By Jonathan Kettle, Founder and Director of Taxicode
Most SMEs and start-ups will agree that spare money is rarely in abundance. It can create a difficult situation for businesses, not wanting to reduce their quality or service, but needing to keep outgoing finances to a minimum in order to continue operating and growing comfortably, and to help the Business compete successfully with rival companies of all sizes – However there’s no reason why a small company shouldn’t be able to compete with a multinational, just because they’re keeping costs low whilst their rival is dividing up the shares in order to gain investment. There are plenty of options for businesses to stretch the pounds whilst still remaining relevant and competitive in the marketplace.
You’ve got to spend money to make money
It’s a cliché, but it is so often true. A well placed investment in your early days can result in easier and greater revenue later on. You may not think of it as saving money or cutting costs, but you have to look at playing the long game – for example, paying for promotion or a useful technology or service at the start of your venture may mean an easier route to the top, rather than struggling and forking out more across a longer period when you need it later on. By looking out for the right opportunities at the right time, you can make pounds stretch further.
Assert your position in the market
Are you the first to market? If not, what makes you different? Why should anyone care? If people see you as “just another” company, competing alongside your rivals with little to differentiate you, the battle is going to be a lot harder. If you’re the first to market, getting the news out there as soon as possible will mean you get as much of the attention as possible, rather than your late-to-the-party competitors. Either way, people need to know what makes you better than everyone else.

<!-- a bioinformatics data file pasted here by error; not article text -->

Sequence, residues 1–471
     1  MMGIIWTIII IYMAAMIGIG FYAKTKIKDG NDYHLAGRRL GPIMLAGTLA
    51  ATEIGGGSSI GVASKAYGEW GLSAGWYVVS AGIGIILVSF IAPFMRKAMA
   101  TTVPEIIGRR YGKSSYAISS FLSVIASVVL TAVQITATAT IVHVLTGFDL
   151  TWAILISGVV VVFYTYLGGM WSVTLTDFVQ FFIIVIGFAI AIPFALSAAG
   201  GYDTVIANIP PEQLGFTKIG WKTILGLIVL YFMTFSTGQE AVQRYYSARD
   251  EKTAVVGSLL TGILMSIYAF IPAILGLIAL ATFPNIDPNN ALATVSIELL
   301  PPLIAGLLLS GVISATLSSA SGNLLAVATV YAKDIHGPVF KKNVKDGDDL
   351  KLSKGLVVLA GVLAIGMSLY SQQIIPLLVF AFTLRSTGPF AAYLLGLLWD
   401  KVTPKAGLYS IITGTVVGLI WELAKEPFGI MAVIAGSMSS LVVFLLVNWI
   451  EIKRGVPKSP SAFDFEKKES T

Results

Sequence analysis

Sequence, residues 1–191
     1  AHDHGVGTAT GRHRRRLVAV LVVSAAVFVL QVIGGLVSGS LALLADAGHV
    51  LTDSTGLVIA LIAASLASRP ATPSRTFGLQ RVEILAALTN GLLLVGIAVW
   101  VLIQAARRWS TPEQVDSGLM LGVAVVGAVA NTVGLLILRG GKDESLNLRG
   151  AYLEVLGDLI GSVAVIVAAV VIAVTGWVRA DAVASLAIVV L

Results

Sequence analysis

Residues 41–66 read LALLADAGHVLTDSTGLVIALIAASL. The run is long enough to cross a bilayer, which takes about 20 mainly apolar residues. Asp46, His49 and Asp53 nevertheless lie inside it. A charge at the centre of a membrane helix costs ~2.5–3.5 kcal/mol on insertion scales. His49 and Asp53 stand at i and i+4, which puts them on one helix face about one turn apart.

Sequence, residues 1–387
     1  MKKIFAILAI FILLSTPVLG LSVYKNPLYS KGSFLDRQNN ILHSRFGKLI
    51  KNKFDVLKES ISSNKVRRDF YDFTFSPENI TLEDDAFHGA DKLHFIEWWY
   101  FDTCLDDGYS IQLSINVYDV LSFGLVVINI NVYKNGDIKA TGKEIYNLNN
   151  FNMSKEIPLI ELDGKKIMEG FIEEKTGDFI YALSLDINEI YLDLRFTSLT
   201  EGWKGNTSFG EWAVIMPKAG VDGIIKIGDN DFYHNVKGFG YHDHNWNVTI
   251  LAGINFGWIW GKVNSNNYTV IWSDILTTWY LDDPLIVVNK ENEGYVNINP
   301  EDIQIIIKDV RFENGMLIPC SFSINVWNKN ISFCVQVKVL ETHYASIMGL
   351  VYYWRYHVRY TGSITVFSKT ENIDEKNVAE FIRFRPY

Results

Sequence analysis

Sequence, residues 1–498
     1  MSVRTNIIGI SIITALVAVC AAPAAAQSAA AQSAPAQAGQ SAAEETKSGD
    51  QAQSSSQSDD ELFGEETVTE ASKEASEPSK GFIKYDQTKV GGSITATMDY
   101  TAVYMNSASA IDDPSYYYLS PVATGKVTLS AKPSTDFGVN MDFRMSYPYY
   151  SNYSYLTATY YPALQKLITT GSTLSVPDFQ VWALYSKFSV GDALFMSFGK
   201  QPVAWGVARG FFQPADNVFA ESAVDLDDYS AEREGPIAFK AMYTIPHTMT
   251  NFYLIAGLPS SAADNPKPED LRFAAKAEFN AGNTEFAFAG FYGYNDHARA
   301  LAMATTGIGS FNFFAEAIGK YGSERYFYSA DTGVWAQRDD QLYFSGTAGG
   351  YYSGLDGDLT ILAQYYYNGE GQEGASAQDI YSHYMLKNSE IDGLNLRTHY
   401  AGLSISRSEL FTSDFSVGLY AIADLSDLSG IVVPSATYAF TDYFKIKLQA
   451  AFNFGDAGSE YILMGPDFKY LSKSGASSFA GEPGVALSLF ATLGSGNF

Cheaper doesn’t mean worse
It’s more than likely that you’ll have to work with people and businesses outside of your own, so it’s important to do your research into the services they offer, alongside the prices they charge. A more expensive connection may provide more services, but do you really need all the extras? Don’t fall for sales tactics.
Location, location, location
For many businesses, but especially those with an online focus, there is little reason to be based in an expensive area like Canary Wharf. Operating out of a small office just outside of a major city can allow you to cut your overheads down, whilst enabling a short trip into the city for any meetings. As well as this, there is no need to pay for an office that is bigger than your business needs.
Some business managers may believe that a city centre location makes the company appear more professional, but considering the amount of successful businesses based outside of the major cities these days, this way of thinking is not necessarily correct.
Get the right fit with your workforce
There’s no reason to hire more employees than you really need. As long as your business can operate comfortably and to a high, competitive standard, without putting excessive strain on your team members, you shouldn’t need anyone else. Obviously if/when it comes to a point where your business has seen growth and is becoming successful, it makes sense to introduce new employees due to increased workload and expansion, but don’t get overeager to expand your team without being able to justify the expense.